If you want to get to the top of the Google rankings, then you need to strategically map out the titles of your blog posts. The vast majority of Google users scan only the title of the results when making their decision of which one to click on. Google keeps track of which results get clicked on the most, and this is one of the key components of Google’s ranking algorithm. If your title does not compel people to click, then you are destined to get little to no traffic from Google.
In previous posts, I have conveyed to you the importance of using a number at the beginning of your titles. Now I am going to dive deeper into what words that drive the most clicks and shares.
So… Let’s get started.
#1 Place a Superlative in Your Post Title
A superlative is a strong adjective, and it has a big impact on drawing eyeballs to your post titles. Here are a few examples of common superlatives used in post titles.
A perfectly placed superlative will make your post appear to be the best choice in a slew of selections.
Here is an example of a title without a superlative…
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Here is the same example with a superlative…
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People are naturally drawn to the best, easiest, and quickest way to do something.
One other point to keep in mind, is that you should only use one superlative in your title. Conductor’s headline study identified that more than 51% of the people surveyed preferred only one superlative in a title.
An example of a title with more than one superlative would be…
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Best, ever, and perfect are all superlatives.
#2 Use a Little Fear in Your Title’s Superlative to Drive Interest
Tax attorneys have been using fear in their radio ads for years to drive people to pick up the phone and call them. Then same psychological concept applies to post titles. Here are two variations of titles for the same post to illustrate the impact of a negative superlative on clicks.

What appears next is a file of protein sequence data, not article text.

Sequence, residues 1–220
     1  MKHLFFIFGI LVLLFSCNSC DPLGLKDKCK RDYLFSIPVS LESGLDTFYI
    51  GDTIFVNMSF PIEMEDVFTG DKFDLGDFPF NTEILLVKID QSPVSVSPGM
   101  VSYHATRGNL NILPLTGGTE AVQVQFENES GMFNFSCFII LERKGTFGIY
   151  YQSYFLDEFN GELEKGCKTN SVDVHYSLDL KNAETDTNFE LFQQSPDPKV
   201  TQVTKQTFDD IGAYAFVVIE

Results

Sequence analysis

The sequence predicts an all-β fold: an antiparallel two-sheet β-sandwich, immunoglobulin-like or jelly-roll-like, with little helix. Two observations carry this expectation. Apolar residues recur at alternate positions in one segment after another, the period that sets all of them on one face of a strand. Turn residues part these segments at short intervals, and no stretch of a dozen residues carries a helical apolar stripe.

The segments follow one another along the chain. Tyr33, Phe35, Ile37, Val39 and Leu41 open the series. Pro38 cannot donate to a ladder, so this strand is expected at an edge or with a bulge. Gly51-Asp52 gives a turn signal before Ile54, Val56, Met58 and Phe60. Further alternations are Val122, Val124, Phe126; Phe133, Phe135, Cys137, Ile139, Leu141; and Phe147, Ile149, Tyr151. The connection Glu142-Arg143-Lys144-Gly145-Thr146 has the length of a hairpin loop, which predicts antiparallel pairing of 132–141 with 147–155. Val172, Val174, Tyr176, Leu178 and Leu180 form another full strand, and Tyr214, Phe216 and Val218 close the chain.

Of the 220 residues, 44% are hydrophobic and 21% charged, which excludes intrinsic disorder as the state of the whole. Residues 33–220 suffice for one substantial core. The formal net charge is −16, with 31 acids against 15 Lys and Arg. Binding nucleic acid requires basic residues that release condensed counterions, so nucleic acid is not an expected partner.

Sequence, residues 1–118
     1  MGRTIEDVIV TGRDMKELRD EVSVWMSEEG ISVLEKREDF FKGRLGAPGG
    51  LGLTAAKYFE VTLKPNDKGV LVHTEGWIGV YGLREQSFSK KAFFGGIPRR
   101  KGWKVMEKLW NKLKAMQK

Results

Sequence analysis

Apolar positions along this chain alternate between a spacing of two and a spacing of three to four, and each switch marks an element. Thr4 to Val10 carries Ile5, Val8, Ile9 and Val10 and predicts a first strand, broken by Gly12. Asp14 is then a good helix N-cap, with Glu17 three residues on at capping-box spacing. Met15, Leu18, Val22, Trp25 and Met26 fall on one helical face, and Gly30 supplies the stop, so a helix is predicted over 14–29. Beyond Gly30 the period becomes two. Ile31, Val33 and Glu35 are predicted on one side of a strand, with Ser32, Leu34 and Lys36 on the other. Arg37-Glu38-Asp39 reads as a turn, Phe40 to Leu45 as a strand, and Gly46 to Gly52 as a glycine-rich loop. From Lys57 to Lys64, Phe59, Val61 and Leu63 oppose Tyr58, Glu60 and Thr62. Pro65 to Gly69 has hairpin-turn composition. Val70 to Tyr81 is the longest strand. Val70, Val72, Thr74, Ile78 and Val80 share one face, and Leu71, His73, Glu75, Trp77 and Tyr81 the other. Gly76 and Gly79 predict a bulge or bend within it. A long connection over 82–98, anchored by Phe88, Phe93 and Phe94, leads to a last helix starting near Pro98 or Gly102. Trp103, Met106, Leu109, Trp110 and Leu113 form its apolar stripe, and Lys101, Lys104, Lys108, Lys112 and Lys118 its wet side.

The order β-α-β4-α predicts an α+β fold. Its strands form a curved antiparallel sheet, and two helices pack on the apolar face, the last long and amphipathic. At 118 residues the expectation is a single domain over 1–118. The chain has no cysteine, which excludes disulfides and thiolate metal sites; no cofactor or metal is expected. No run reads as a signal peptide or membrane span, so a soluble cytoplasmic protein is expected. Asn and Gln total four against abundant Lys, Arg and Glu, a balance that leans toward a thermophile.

Here is the positive superlative variation…
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Here is the negative superlative variation…
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I have always found it fascinated that these types of titles drive a ridiculous amount of clicks. I have seen this work on social media, email subject lines, and even podcast titles.
There is a famous study that was conducted by Outbrain on positive versus negative superlatives in titles. The titles with negative superlatives, using the words “never” or “worst,” were clicked on 30% more than the other titles.
#3 Copy BuzzFeed’s Proven Post Title Formulas
BuzzFeed has been coming up with the most shareable headlines for years. Their entire business model is based on getting people to share their posts over and over again. Because of this, they have invested millions of dollars in trying to identify the precise phrases that get shared and clicked on the most.
You could spend hundreds of hours trying to recreate the wheel, or you could just copy some of the proven formulas that BuzzFeed uses year round.
Here are some of the most shared and clicked three word phrases in BuzzFeed article titles.
Before You Die
In Your Life
Reasons You Should
__ Things That
__ Most Important
Probably Didn’t Know
__ Signs You
Didn’t Know About
__ Reasons Why
Here are some examples of post titles incorporating these three word phrases.
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People are subconsciouly drawn to these types of titles, and the formula works for virtually any type of blog post title.
#4 Address the Reader in Your Blog Post Titles
People want to feel as if you are talking to them directly. By using the words “you” and “your” in your title, you are addressing them individually.
Here are a few examples of titles that address the reader…
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Buffer analyzed millions of headlines to find out which types of titles were shared the most. The top two most shared headlines types were the list title and the reader addressed title.
The takeaway here is that you should always write copy and content as if you are having a 1-on-1 conversation with another person.
#5 Use Power Words to Convey Emotion in Your Titles
So you may be asking yourself right now, “what exactly is a power word?” The most used power word of all-time in advertising is “free.” This word continues to be used over and over again because it consistently spurs emotion in anyone that sees it.
CoSchedule actually did a study to quantify the effects of the emotional headline value on the number of social media shares. The post titles with high emotional value were shared dramatically more than the post titles with low emotional value.
I personally use the 180 power words that the famous copywriter Karl Stepp uses for emotional ad copy. Some of my favorite power words to use in blog titles are…
Here is the entire list.
If you consistently use the right words in your post titles, then you will start to see a dramatic improvement in your Google rankings and social shares.
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